The well-known Cambrian explosion was an evolutionary event that lacks counterparts in Earth history. The appearance of shelly organisms easily preserved as fossils illustrates an exceptional record of diversifying organisms. It is established that this was a true biological diversification but was it the first one? The Cambrian was preceded by the Neoproterozoic, a period that was characterised by severe environmental turbulence during its terminal interval (Ediacaran). At least two global glaciations between ca. 700-580 Ma might have acted as evolutionary bottlenecks that led to a rapid diversification of several lineages of single-celled and, eventually, multicellular organisms. The appearance of more than 50 ornamented acritarchs (Grey et al., 2003) in the Ediacaran of present day southern Australia suggests a possible Precambrian evolutionary explosion. Acritarchs, being primary producers, may have had a profound effect on the evolution of metazoans resulting, among other factors, in the Cambrian explosion. The apparent diversification event requires studies of more material but will hopefully result in either recognition of a Precambrian explosion hypothesis or simply a normal, gradual development of phytoplankton.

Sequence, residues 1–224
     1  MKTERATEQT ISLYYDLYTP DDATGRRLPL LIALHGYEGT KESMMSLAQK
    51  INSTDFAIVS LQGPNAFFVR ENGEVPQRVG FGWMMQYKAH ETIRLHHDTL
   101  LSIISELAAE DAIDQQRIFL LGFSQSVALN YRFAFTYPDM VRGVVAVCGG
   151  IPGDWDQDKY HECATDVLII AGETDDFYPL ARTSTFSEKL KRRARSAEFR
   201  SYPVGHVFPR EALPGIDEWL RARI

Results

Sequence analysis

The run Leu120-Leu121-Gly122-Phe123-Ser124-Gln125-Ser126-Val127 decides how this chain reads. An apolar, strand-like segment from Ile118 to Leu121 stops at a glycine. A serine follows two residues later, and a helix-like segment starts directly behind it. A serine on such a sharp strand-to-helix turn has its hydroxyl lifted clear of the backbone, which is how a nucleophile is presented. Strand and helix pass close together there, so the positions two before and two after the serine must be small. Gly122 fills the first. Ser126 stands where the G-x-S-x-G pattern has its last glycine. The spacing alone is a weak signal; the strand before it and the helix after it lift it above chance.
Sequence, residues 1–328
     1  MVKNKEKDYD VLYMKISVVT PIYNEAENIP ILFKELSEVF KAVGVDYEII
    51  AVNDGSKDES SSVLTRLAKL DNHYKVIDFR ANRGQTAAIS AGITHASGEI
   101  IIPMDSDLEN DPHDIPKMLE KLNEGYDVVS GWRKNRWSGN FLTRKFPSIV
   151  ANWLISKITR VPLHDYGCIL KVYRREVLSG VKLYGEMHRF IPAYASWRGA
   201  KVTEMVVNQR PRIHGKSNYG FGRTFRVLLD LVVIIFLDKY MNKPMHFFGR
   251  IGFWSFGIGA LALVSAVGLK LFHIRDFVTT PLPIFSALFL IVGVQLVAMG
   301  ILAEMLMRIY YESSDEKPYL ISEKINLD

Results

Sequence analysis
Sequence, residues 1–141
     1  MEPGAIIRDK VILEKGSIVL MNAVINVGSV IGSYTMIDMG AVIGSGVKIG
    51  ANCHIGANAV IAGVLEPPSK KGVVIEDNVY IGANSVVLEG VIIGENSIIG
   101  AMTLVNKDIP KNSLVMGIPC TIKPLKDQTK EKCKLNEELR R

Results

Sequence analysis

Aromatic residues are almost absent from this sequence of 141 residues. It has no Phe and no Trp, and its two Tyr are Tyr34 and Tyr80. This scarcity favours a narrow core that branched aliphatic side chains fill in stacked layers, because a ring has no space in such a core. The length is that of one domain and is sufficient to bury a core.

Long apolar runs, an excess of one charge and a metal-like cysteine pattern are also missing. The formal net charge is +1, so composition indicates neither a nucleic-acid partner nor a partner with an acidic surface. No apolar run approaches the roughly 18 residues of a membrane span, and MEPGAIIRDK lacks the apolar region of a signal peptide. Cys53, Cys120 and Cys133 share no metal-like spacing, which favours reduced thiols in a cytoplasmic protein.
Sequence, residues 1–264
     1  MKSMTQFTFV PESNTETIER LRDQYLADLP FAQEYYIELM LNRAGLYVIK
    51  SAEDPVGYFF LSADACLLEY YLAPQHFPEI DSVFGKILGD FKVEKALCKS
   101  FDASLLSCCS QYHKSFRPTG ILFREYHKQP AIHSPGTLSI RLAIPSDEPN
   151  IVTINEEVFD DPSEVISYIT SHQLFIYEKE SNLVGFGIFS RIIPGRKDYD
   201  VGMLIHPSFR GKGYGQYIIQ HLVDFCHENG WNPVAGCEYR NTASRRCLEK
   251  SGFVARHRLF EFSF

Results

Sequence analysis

The diversification of acritarchs provides an excellent potential for these organisms to be used in biostratigraphy. The Ediacaran System’s lower boundary is defined at the base of glacial deposits from the last major glaciation, the Marinoan glaciation, and the upper boundary at the base of the Cambrian System. The Ediacaran System is not very well known and in terms of fossil studies it is just in its infancy. Palynomorph assemblages containing mainly eukaryotic acritarchs and prokaryotic bacteria were recovered from numerous drillholes located in southern Australia. Preliminary studies of a large number of acritarch samples from more than 30 drillcores (Grey, 2005) have resulted in a subdivision of the middle Ediacaran into biozones based on the first appearance of index species and characteristic assemblages. Additional studies of drillcores from the Officer Basin in Australia will aid in the correlation between different basins in Australia and hopefully also in global correlation. The studies of the Murnaroo 1 succession indicate a consistency with the previously examined boreholes and allow more accurate recognition of the acritarch biozones.
Grey, K., Walter, M.R. & Calver C.R., 2003. Neoproterozoic biotic diversification: Snowball Earth or aftermath of the Acraman impact? Geology, v. 31.
Grey, K., 2005, in press. Ediacaran Palynology of Australia. Australasian Association of Palaeontologists, Memoirs, v. 31.
2005. 200- p.